What is likely to be the last razor clam dig of the season will start Saturday after tests showed the clams are safe to eat.
“We have just enough clams available for harvest at Copalis and Mocrocks to offer one more weekday dig,” said Dan Ayres, coastal shellfish manager for the state Department of Fish and Wildlife.
Ayres said he expects this to be the final dig of the season at all beaches.
“We’ll see where we are with the other beaches after this opening. But anything after this coming (dig) will definitely be an unexpected bonus,” he said.
Dig dates, with low tide:
Saturday: (7:28 a.m., -0.3 feet): Long Beach and Twin Harbors only.
Sunday: (8:01 a.m., -0.4 feet): Long Beach and Twin Harbors only.
Monday: (8:35 a.m., -0.4 feet): Long Beach, Twin Harbors, Copalis and Mocrocks.
No digging will be allowed on any beaches beyond noon.
American: Anglers are catching some kokanee and rainbow trout. Trolling slowly is best right now because of the colder water temperatures.
Chelan: The lake trout fishing has been best in the upper end of the trench in water 200-240 feet deep, said Anton Jones of Darrell and Dad’s Family Guide Service. Troll at speeds of 1.3-1.6 mph as close to the bottom as you can with Flatfish in luminous chartreuse and Kingfisher Lite Spoons in chartreuse double splatterback glow, he said.
Kapowsin: The action for rainbow trout has been fair to good. Use worms or dough bait from shore or troll a Wedding Ring or spinner. The bass fishing is still slow.
Nahwatzel: The lake produced a 5 pound, 4 ounce rainbow trout on Sunday, according to an online report. Try trolling Wedding Rings tipped with a worm.
St. Clair: Anglers are hooking a few as the bass prepare to spawn. One angler online reports landing a 5-pound fish. He reported he was using spinnerbaits. A few rainbows are being caught as well.
Columbia: The fishing success improved over the weekend. During the last four days, the state sampled 1,921 anglers with 303 adult and one jack spring chinook and 23 steelhead. Boat anglers averaged an adult chinook kept/released per 4.5 rods, while bank anglers averaged one per 25.6 rods. Sturgeon fishing has been a bit slow, but people are catching some legal-size fish below Bonneville Dam and in The Dalles and John Day pools.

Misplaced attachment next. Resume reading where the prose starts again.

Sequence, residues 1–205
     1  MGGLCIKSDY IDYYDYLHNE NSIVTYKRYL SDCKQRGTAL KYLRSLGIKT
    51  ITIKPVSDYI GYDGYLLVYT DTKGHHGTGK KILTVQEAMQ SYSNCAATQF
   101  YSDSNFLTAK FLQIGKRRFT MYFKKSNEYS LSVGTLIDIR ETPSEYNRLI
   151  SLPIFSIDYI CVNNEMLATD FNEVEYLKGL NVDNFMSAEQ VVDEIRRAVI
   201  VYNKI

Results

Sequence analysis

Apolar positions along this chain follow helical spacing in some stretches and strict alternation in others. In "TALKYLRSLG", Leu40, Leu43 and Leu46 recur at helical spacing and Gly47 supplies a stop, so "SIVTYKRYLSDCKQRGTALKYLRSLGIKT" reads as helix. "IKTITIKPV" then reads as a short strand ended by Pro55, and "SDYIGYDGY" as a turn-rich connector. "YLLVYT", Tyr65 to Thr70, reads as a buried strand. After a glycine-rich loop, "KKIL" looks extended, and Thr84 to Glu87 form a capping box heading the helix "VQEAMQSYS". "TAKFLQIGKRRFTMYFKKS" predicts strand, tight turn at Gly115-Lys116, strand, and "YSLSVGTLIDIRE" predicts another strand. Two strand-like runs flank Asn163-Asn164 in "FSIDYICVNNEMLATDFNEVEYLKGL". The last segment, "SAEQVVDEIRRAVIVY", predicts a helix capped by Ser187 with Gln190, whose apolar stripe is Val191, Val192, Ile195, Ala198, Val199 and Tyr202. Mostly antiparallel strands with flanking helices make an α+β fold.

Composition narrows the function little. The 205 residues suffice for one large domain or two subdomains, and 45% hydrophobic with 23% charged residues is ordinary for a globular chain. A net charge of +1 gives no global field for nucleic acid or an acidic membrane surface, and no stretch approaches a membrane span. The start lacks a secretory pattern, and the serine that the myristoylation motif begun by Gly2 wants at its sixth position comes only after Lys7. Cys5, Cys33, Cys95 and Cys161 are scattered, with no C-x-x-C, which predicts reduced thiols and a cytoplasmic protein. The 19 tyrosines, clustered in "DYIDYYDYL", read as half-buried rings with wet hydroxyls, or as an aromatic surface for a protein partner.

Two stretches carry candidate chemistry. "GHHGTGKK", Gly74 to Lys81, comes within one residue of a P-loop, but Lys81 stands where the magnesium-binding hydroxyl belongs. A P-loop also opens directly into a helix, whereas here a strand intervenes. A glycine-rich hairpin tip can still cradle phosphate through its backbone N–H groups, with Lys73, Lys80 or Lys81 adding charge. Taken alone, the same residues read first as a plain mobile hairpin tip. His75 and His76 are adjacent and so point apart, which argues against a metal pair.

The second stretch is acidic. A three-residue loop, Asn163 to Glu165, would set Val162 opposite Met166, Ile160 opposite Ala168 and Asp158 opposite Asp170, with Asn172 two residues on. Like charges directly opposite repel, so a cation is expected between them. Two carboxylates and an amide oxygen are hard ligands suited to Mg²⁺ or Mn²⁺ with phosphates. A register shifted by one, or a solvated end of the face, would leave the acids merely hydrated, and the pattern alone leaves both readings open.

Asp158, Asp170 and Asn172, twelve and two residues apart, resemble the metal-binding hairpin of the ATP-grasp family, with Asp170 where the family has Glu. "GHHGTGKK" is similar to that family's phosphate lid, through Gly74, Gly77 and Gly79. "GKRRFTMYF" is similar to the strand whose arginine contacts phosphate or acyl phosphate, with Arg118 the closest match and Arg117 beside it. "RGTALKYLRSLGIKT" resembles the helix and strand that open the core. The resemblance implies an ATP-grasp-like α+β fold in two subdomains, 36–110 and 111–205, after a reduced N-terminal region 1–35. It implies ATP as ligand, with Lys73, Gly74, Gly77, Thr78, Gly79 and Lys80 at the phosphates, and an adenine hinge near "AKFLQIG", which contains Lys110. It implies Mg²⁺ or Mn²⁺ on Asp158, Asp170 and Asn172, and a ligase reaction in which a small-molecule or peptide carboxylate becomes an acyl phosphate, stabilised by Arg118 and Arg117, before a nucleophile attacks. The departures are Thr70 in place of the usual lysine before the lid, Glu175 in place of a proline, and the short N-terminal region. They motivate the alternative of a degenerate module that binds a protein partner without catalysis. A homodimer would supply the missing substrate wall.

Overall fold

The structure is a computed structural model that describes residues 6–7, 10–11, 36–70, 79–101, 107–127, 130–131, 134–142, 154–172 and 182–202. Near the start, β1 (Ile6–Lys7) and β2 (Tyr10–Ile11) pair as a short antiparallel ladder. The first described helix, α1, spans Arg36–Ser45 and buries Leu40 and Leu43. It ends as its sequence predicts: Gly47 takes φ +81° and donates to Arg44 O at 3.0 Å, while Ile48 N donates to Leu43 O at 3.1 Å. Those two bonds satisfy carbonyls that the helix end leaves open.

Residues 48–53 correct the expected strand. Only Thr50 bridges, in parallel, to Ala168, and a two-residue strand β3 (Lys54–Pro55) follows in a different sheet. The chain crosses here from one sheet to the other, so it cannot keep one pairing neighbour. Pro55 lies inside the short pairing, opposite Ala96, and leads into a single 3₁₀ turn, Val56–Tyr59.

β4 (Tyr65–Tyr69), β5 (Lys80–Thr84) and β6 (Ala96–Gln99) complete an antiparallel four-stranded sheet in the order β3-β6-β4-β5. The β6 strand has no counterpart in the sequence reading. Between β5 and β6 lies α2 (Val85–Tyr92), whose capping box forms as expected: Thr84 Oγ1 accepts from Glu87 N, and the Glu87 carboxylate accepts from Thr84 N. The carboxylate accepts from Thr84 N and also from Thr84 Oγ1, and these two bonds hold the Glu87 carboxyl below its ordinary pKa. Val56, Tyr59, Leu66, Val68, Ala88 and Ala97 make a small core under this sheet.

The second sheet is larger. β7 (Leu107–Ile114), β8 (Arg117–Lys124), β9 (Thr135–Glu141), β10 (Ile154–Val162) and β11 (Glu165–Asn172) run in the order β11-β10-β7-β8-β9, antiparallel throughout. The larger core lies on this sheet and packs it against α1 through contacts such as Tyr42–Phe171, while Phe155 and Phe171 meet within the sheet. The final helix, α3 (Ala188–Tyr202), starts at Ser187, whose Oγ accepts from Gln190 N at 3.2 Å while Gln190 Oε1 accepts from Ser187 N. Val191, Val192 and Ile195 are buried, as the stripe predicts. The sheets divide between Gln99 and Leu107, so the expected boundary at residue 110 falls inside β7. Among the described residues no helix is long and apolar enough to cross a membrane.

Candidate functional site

Cowlitz: Spring chinook are being caught throughout the river while steelhead are being caught near the trout hatchery.
Klickitat: A few anglers have been giving it a try, with little success, according to a state report.
Lewis: Boat anglers in the North Fork are catching some spring chinook.
Olympic Coast: Anglers are catching a mix of winter-run and early summer-run steelhead as well as some spring chinook, said Jim Kerr of Rain Coast Guides. After spiking Monday, river levels were dropping Tuesday to near normal levels.
Skookumchuck: The river is still producing some catches of steelhead. Some of the fish are on the dark side. Jigs or corkies and yarn are the way to go right now.
Yakima: River conditions have been fluctuating in recent days, making fishing difficult. Right now, the best water is in the upper river, said a staffer at Red’s Fly Shop.
Port Angeles: Salmon fishing in the area has slowed down but still seems to be the best option in Puget Sound right now, based on state sampling reports.
Tacoma: Only few salmon have been caught in recent days. Trolling and mooching off the clay banks produced some fish over the weekend, said Art Tachell at Point Defiance Boathouse.
Jeffrey P. Mayor: 253-597-8640 email@example.com blog.thenewstribune.com/adventure